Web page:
Mary Jane Gore | EurekAlert!
Further information:
http://www.duke.edu

More articles from Health and Medicine:

nachricht Researchers identify cause of hereditary skeletal muscle disorder
22.02.2017 | Klinikum der Universität München

nachricht Second cause of hidden hearing loss identified
20.02.2017 | Michigan Medicine - University of Michigan

All articles from Health and Medicine >>>

The most recent press releases about innovation >>>

Die letzten 5 Focus-News des innovations-reports im Überblick:

Im Focus: Breakthrough with a chain of gold atoms

In the field of nanoscience, an international team of physicists with participants from Konstanz has achieved a breakthrough in understanding heat transport

In the field of nanoscience, an international team of physicists with participants from Konstanz has achieved a breakthrough in understanding heat transport

Im Focus: DNA repair: a new letter in the cell alphabet

Results reveal how discoveries may be hidden in scientific “blind spots”

Cells need to repair damaged DNA in our genes to prevent the development of cancer and other diseases. Our cells therefore activate and send “repair-proteins”...

Im Focus: Dresdner scientists print tomorrow’s world

The Fraunhofer IWS Dresden and Technische Universität Dresden inaugurated their jointly operated Center for Additive Manufacturing Dresden (AMCD) with a festive ceremony on February 7, 2017. Scientists from various disciplines perform research on materials, additive manufacturing processes and innovative technologies, which build up components in a layer by layer process. This technology opens up new horizons for component design and combinations of functions. For example during fabrication, electrical conductors and sensors are already able to be additively manufactured into components. They provide information about stress conditions of a product during operation.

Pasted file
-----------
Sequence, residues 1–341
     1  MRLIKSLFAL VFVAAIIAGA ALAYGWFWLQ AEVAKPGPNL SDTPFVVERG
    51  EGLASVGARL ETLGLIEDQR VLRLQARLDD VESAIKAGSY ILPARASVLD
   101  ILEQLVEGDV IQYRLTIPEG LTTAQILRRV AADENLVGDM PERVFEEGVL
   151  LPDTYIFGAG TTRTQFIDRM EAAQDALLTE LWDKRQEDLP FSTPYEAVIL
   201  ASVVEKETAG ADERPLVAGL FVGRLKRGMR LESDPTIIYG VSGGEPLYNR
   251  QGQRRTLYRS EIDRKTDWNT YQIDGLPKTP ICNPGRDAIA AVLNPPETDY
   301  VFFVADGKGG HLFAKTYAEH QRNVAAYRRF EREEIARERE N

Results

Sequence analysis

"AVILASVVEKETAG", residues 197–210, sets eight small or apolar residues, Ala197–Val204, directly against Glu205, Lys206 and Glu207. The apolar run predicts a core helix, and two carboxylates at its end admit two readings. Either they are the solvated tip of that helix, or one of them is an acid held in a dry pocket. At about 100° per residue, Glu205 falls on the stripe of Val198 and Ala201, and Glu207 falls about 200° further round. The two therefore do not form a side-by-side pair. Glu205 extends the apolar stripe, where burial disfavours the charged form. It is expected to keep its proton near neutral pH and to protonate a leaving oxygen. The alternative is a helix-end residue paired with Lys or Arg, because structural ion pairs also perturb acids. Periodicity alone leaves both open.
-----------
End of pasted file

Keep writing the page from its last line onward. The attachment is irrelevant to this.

The 3D-printing technology, or additive manufacturing as it is often called, has long made the step out of scientific research laboratories into industrial...

Im Focus: Mimicking nature's cellular architectures via 3-D printing

Research offers new level of control over the structure of 3-D printed materials

Nature does amazing things with limited design materials. Grass, for example, can support its own weight, resist strong wind loads, and recover after being...

Im Focus: Three Magnetic States for Each Hole

Nanometer-scale magnetic perforated grids could create new possibilities for computing. Together with international colleagues, scientists from the Helmholtz Zentrum Dresden-Rossendorf (HZDR) have shown how a cobalt grid can be reliably programmed at room temperature. In addition they discovered that for every hole ("antidot") three magnetic states can be configured. The results have been published in the journal "Scientific Reports".

Physicist Dr. Rantej Bali from the HZDR, together with scientists from Singapore and Australia, designed a special grid structure in a thin layer of cobalt in...

All Focus news of the innovation-report >>>

Anzeige

Anzeige

Event News

Booth and panel discussion – The Lindau Nobel Laureate Meetings at the AAAS 2017 Annual Meeting

13.02.2017 | Event News

Complex Loading versus Hidden Reserves

10.02.2017 | Event News

International Conference on Crystal Growth in Freiburg

09.02.2017 | Event News

 
Latest News

Prediction: More gas-giants will be found orbiting Sun-like stars

22.02.2017 | Physics and Astronomy

Researchers identify cause of hereditary skeletal muscle disorder

22.02.2017 | Health and Medicine

Positrons as a new tool for lithium ion battery research: Holes in the electrode

22.02.2017 | Power and Electrical Engineering

VideoLinks
B2B-VideoLinks
More VideoLinks >>>